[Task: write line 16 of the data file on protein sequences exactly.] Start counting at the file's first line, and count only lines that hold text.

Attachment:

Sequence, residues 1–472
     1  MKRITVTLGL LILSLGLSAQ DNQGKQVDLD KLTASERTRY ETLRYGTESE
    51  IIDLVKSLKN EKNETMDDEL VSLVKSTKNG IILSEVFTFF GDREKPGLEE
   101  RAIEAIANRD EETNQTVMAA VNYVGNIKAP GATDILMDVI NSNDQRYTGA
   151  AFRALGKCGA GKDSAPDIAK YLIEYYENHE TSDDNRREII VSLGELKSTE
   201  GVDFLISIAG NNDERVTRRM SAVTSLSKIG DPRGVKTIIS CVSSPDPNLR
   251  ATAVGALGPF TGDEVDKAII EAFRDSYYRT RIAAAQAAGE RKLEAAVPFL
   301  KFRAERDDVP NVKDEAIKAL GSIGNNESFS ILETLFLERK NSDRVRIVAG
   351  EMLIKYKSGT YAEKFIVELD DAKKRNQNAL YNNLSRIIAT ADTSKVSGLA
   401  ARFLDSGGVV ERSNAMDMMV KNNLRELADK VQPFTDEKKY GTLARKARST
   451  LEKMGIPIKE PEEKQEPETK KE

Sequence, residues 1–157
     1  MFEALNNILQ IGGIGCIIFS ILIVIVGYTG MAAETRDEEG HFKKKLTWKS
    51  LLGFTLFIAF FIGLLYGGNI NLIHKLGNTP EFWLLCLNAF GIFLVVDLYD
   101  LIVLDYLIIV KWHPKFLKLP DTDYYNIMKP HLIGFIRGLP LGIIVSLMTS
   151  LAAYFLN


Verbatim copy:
   151  LAAYFLN